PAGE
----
A musician-cum-conceptual artist, Paul Rucker’s been on a mission: originally hailing from South Carolina, his recent multi-media show “REWIND” (Baltimore Museum of Art) was the result of 20+ years of digging into American history and drawing connections between the nation’s dark historical underbelly and the status quo in US society. Essentially a show about history repeating itself over and over again, from KKK and lynchings to police brutality, from slave trading days to the insane, current prison system, Rucker’s work is – just like his current home Baltimore – indeed what he calls America Amplified.
Paul, first of all, what are you up to and how’s life these days?
Things are going extremely well this year. My latest retrospective, REWIND, installed at the Baltimore Museum of Art, has garnered a great deal of attention. It was named “Best Solo Show” of 2015 by Baltimore City Paper, and I won “Best Artist” of 2015. The recent artist award from the Baker Foundation in Baltimore along with the Baltimore Museum of Art show was a great way to finish the year.
How long have you been based in Baltimore, and how has being in the city influenced your most recent output?
I’ve been in Baltimore now for a little over two years. I moved here to be a research fellow at the Maryland Institute College of Art. I was the Robert W. Deutsch Foundation Artist in Residence and Research Fellow. Lots of conversations are happening around race and power in America, and more of that has come to the forefront in the recent unrest in Baltimore. I can do this work anywhere, but Baltimore is America Amplified. You can’t ignore that there are problems here. Disparities in access to jobs, education, and so many food deserts in poor neighborhoods. All balanced with people in the same neighborhoods who go to work, garden, send their kids to the neighborhood schools, and have commitments to this city, despite its issues. My work is definitely influenced by Baltimore, but it’s also influenced by my southern upbringing. I’m originally from South Carolina. That’s the biggest influence. What’s important to remember is, no city is immune from the problems my work addresses. I lived in Seattle for 18 years, and I can tell you first hand that the racism can be worse when you think it doesn’t exist, when it’s not in your face. From work place to the streets, to access to opportunities, and even more than ever, housing.
When did you first feel that itch to dig deeper into American history – to understand our current world a bit better… and hopefully to trigger change for the better?
When I find out about historical events that were not taught in school, I always have to ask the question “Why?” We can talk about Martin Luther King Jr. being assassinated, but there are many other significant figures that played arguably a much greater role in change, and were represented by people who were aware of the issues, but lived their daily lives regularly. The bombing on September 15, 1963 that killed four young black girls was an event shared by neighbors. That it happened on a regular Sunday at the 16th Street Baptist, and committed by their white neighbors indicates how much of the struggle is on the ground. But what changed was the national attention. In many ways, that type of attention was made possible during the outrage over the murder of Emmett Till in 1955. These were major turning points because they were all children who were murdered. When the past links to an unresolved past, it’s harder to correct mistakes and make change without the historical basis.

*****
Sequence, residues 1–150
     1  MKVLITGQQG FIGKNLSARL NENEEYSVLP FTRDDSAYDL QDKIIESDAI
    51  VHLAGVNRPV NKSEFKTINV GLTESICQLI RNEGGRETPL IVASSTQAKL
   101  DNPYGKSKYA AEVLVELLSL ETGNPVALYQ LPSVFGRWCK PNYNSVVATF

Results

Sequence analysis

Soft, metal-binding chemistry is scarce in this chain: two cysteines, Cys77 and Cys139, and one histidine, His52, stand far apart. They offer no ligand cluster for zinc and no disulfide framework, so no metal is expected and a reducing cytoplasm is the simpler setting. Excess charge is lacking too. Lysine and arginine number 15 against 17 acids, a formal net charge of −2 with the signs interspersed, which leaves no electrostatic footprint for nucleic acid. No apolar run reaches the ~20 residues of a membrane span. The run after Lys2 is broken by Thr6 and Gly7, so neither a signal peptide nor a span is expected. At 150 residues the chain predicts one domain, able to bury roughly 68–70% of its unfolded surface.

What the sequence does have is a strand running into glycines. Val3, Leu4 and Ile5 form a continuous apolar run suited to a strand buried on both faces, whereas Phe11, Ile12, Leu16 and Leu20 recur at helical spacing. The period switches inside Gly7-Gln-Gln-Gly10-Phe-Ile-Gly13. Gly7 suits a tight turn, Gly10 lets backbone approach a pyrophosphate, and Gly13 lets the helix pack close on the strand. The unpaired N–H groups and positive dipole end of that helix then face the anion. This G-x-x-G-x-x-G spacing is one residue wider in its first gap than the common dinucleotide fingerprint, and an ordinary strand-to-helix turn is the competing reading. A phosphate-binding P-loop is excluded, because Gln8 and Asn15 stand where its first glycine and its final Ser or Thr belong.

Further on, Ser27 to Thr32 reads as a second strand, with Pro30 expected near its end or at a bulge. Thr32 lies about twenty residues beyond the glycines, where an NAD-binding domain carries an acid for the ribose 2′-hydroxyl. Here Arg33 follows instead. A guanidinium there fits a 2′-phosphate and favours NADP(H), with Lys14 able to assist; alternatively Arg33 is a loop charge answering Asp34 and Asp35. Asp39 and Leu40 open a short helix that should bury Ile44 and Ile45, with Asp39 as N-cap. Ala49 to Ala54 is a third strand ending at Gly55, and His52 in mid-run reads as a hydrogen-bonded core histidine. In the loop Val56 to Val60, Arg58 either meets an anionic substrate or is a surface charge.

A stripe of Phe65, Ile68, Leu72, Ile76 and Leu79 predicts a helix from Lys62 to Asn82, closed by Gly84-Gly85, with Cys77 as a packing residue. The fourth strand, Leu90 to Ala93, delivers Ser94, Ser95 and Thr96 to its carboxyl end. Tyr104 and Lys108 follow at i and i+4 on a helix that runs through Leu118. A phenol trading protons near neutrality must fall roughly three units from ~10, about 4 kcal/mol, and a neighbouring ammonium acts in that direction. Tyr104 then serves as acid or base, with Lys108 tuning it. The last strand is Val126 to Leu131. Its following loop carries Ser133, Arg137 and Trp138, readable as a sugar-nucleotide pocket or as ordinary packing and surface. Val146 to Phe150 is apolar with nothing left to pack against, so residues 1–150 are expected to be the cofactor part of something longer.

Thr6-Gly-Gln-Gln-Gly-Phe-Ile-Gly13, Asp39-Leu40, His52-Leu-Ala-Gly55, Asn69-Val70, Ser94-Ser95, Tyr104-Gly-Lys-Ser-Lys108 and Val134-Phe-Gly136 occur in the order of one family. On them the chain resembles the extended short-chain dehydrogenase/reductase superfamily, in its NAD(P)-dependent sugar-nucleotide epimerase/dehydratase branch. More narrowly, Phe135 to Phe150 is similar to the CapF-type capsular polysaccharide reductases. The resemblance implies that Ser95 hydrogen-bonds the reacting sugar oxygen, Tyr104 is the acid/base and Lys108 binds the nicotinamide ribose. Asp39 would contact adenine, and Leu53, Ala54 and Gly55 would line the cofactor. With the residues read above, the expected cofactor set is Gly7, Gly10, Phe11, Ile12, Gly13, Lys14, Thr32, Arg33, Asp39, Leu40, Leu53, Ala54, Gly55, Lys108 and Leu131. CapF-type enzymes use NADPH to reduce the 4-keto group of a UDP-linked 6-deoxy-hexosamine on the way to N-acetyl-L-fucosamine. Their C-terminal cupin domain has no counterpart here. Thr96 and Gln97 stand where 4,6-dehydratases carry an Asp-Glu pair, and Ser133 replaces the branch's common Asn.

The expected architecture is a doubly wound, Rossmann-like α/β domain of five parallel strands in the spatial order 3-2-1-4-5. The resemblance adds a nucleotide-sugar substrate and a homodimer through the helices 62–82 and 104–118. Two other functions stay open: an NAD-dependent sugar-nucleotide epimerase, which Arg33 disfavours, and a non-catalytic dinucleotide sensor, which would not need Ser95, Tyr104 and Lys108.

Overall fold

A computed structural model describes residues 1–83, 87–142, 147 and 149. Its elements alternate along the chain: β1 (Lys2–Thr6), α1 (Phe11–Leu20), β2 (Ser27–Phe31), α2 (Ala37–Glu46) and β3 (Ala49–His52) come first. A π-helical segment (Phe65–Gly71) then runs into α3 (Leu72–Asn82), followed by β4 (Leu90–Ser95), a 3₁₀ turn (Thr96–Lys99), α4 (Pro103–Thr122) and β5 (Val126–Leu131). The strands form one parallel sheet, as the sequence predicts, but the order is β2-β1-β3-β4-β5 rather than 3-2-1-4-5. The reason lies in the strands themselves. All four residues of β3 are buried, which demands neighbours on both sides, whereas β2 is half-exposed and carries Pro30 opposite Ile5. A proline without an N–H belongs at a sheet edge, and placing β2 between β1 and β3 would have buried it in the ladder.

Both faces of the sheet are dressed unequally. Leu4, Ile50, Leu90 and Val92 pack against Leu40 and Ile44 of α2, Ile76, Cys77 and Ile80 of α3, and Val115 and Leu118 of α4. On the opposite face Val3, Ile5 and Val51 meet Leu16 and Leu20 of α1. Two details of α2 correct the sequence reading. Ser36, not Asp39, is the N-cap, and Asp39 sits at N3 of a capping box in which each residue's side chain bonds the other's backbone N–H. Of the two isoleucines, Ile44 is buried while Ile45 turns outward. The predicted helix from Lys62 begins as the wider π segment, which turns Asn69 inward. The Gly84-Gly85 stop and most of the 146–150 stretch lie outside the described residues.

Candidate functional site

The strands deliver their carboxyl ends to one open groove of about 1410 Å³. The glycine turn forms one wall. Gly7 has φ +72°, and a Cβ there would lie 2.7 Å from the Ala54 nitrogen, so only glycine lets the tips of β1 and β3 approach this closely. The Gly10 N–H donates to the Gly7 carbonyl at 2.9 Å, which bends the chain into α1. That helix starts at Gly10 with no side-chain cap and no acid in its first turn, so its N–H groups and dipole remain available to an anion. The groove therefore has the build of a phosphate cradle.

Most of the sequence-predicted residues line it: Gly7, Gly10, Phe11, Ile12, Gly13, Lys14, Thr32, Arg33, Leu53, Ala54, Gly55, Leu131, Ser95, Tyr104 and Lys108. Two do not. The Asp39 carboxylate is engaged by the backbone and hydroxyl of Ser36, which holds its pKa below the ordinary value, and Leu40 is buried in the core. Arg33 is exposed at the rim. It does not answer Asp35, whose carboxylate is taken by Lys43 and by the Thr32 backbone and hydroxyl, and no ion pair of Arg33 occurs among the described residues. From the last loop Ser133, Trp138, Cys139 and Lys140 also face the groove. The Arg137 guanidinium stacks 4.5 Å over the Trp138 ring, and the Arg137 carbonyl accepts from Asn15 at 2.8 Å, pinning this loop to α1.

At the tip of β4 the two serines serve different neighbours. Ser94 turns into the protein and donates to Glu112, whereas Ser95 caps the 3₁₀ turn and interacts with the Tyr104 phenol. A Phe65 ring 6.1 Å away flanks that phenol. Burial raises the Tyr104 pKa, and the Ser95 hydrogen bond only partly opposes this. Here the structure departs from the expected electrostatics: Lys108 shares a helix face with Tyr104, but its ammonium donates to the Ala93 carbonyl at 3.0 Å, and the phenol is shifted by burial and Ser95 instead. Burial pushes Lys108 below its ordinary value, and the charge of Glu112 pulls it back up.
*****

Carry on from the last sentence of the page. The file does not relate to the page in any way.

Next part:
You were 24 when you first started documenting police violence and incarceration… what was your vision when you first started out?
What I wondered about the most was accountability. After we all witnessed Rodney King being brutally beaten by the LAPD, I thought, what would lead to an officer actually being prosecuted for a beating or murder? The truth is, it rarely happens. Many times millions of dollars are paid out to the families of the victims without any admission of guild. Being “charged” is quite a long way from being “convicted”. Take a look at the recent case in Cleveland with officer Michael Brelo. On Nov. 29, 2012, Malissa Williams and Timothy Russell were shot and killed after a 22-mile high-speed chase through Cleveland, Ohio involving 104 police officers. Russell was shot 23 times and Williams 24 times. Neither of them was armed. Officer Brelo kept firing after the others stopped, jumped onto the hood of the victims’ car, and shot approximately fifteen additional rounds. He was acquitted of murder. Now the Guardian is keeping track of shootings by the police in the US. It has not been a priority for state, local, or federal agencies in the US to keep track of that information. When you see the disproportionality of who is getting shot by police, and how often, then we can have data to back up our theories.
Do you think you’d nowadays be touring as a musician if the LA Riots hadn’t happened?
Definitely. I still play, and am planning a cross-country tour soon. I feel that visual art and music give me two ways of approaching the same issues.
Did you even dream of doing something as large and complex as “Rewind” 23 years later?
Not at all. I created a CD of music featuring some wonderful musicians in Seattle such as Bill Frisell, Hans Teuber, and Jay Roulston. It’s based on the Tuskegee Experiment in which there was a study of the natural progression of untreated syphilis in rural African-American men in Alabama. This went on between 1932 and 1972.
And you actually saw people marching in robes – in 1989?
Definitely. You can see an occasional march now depending on where you live. I’m from South Carolina, and marches happened frequently when I was a child. The one I referenced in 1989 was in Augusta, GA. One day in 1989, during a time when I was performing with the Augusta Opera Company, I ordered lunch to go, because it was a beautiful afternoon. As I sat downtown, a reporter ran up and asked, ‘Do you know what’s going on?’ I told him I didn’t. He said, ‘There’s a Klan rally!’ I watched as the robed figures marched by—mostly white robes were used then. The robes I make are based on ones sold in the 1920s. The Ku Klux Klan boasted, but never verified, a membership of 15% of the US male population, about 4-5 million. The presence of the Klan is still all around, wearing the robe is not required to support and deliver the message.